+ Post New Thread
Results 1 to 13 of 13
Wired Networks Thread, Probably need more bandwidth and additional IP range. in Technical; Our current Fibre to the cabinet connection gives us 35mbps which seems ok for our existing network which has a ...
  1. #1
    speckytecky's Avatar
    Join Date
    May 2006
    Location
    UK
    Posts
    2,497
    Thank Post
    3,372
    Thanked 256 Times in 209 Posts
    Blog Entries
    3
    Rep Power
    109

    Probably need more bandwidth and additional IP range.

    Our current Fibre to the cabinet connection gives us 35mbps which seems ok for our existing network which has a total of some 200 mixed Windows and Apple clients but rarely sees over 50 devices active on the network at any time. We are a smallish KS3 Special school and have a Ruckus wireless network with 6 access points. Again this seems pretty adequate for present needs.

    Come September it's planned that our phone system will be on the LAN plus we will be adding 50 student iPads and here's the crunch 28 networked CCTV cameras pushing our bandwidth requirement to so etching like 300mbps. Our existing SWGfL provided IP Range would no doubt also need to be added to I suppose. Any thoughts on the way to go would be much appreciated.

  2. #2

    Join Date
    Oct 2008
    Location
    Lincolnshire
    Posts
    2,170
    Thank Post
    12
    Thanked 224 Times in 214 Posts
    Rep Power
    66
    Are you going to be using the phone system and CCTV over the internet, if not how will this affect your internet?

  3. Thanks to MatthewL from:

    speckytecky (28th April 2014)

  4. #3
    speckytecky's Avatar
    Join Date
    May 2006
    Location
    UK
    Posts
    2,497
    Thank Post
    3,372
    Thanked 256 Times in 209 Posts
    Blog Entries
    3
    Rep Power
    109
    Thanks @MatthewL Yes, that's the plan with the data from the CCTV being recorded in the server room.

    Quote Originally Posted by MatthewL View Post
    Are you going to be using the phone system and CCTV over the internet, if not how will this affect your internet?

  5. #4

    Join Date
    Feb 2007
    Posts
    315
    Thank Post
    150
    Thanked 26 Times in 23 Posts
    Rep Power
    22
    You will need a decent layer 3 switch and configure routing tables and VLANs.

    I would have separate VLANs for voice, cctv, wifi and data.

    EG
    VLAN1 - Data
    VLAN2 - Voice
    VLAN3 - CCTV
    VLAN4 - WiFi

    You would need to tag the ports on the switches that the APs are physically connected to with the Wireless VLAN - VLAN4. Configure the Ruckus Controller to dish out addresses on VLAN4.

    You would also need to tag the other physical ports for your cctv and phones. Will the cameras, phone handsets and WiFi all be powered with POE switches?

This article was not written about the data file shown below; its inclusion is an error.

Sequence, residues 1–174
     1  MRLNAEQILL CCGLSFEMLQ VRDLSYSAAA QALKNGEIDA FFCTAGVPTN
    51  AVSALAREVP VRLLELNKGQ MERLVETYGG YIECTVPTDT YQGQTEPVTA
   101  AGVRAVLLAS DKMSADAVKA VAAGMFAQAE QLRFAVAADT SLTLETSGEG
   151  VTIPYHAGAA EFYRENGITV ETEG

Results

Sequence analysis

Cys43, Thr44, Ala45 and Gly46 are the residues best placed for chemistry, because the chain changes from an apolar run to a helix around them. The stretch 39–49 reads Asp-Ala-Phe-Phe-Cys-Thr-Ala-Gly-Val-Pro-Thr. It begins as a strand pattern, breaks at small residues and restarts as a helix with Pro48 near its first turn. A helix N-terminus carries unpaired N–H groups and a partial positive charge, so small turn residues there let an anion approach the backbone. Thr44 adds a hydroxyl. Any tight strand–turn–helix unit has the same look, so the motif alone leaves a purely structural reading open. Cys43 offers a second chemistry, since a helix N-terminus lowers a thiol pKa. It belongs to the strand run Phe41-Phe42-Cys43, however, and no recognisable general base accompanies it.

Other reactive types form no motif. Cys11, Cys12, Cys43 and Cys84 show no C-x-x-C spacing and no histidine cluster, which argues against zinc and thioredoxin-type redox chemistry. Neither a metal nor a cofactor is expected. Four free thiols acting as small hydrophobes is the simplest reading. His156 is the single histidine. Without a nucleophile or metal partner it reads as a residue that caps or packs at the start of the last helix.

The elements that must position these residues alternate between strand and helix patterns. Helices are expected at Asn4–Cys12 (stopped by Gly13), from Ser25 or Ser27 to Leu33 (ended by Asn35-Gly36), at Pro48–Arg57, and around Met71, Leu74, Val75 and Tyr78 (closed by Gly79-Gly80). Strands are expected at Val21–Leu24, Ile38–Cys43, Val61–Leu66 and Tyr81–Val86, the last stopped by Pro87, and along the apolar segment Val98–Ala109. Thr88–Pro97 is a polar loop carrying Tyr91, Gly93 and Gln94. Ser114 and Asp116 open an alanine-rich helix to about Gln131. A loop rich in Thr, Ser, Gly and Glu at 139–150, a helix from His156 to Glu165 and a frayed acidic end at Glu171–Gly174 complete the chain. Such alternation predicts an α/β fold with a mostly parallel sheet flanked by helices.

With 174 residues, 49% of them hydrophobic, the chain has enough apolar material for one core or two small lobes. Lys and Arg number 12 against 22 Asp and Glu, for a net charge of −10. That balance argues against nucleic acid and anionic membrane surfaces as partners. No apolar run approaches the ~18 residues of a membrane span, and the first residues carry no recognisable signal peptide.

You will have to have logical cabling and detailed documentation of your network to get this project to work.

    My experience of VoIP is that you'd need a network device that would be able to traffic shape, or your phone system will fall over the minute someone tries to download a large file (think 5GB iso).

    To be honest, what you're trying to achieve is doable but you need to have the right kit and relevant experience to be able to implement it. You will be saturating the Internet connection, and I'd be very wary of putting that much dependance on the network.

    If you figure out a better way to do it I'd love to hear about it. Very interesting project!
    Last edited by Gardinho; 28th April 2014 at 10:26 PM.

  6. Thanks to Gardinho from:

    speckytecky (28th April 2014)

  7. #5

    plexer's Avatar
    Join Date
    Dec 2005
    Location
    Norfolk
    Posts
    13,343
    Thank Post
    624
    Thanked 1,584 Times in 1,421 Posts
    Rep Power
    414
    But why will your CCTV be traversing the internet?

    Ben

  8. #6
    speckytecky's Avatar
    Join Date
    May 2006
    Location
    UK
    Posts
    2,497
    Thank Post
    3,372
    Thanked 256 Times in 209 Posts
    Blog Entries
    3
    Rep Power
    109
    I know not why Ben but apparently that's the way it goes nowadays. Being a pretty costly project we are having to get at least 3 quotes and it's the LAN (not actual Internet) that they are all telling us is now standard practice to use.

    Quote Originally Posted by plexer View Post
    But why will your CCTV be traversing the internet?

    Ben

  9. #7

    plexer's Avatar
    Join Date
    Dec 2005
    Location
    Norfolk
    Posts
    13,343
    Thank Post
    624
    Thanked 1,584 Times in 1,421 Posts
    Rep Power
    414
    I can understand your CCTV being over ip but that will have in impact on your internet bandwidth requirements.

    Ben

  10. #8
    IrritableTech's Avatar
    Join Date
    Nov 2007
    Location
    West Yorkshire
    Posts
    793
    Thank Post
    83
    Thanked 171 Times in 140 Posts
    Rep Power
    64
    Is your CCTV planned to be monitored remotely by a control centre perhaps? If so, it's likely to only be monitored when nobody else is in the building, so I wouldn't worry too much about it's bandwidth.

    Our 450 machines average around 35-45Mbit/s but we do peak at about 80-90Mbit/s three or four times a day. I can imagine your FTTC connection is enough, but doesn't much wiggle room. If you are looking at using your net connection for telephone calls - I think you'll struggle with quality whilst leaving bandwidth for your machines.

    VLAN'ing things off is a good idea if you have the equipment, or the budget. However again, the links between our voice switches carrying 65 handsets rarely sees much more than 100-150kbps at any one time. I've seen successful implementations of voip and curriculum traffic on a single flat lan, with no noticeable loss of quality.